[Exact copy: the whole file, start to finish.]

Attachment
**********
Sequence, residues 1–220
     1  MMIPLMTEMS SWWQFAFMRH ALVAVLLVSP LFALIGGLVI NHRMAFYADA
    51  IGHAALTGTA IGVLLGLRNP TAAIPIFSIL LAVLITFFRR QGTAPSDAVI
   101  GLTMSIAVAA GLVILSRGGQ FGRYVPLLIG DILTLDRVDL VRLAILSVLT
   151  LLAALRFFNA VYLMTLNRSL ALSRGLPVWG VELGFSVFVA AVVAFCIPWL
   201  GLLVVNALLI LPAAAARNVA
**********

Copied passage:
Sequence, residues 1–220
     1  MMIPLMTEMS SWWQFAFMRH ALVAVLLVSP LFALIGGLVI NHRMAFYADA
    51  IGHAALTGTA IGVLLGLRNP TAAIPIFSIL LAVLITFFRR QGTAPSDAVI
   101  GLTMSIAVAA GLVILSRGGQ FGRYVPLLIG DILTLDRVDL VRLAILSVLT
   151  LLAALRFFNA VYLMTLNRSL ALSRGLPVWG VELGFSVFVA AVVAFCIPWL
   201  GLLVVNALLI LPAAAARNVA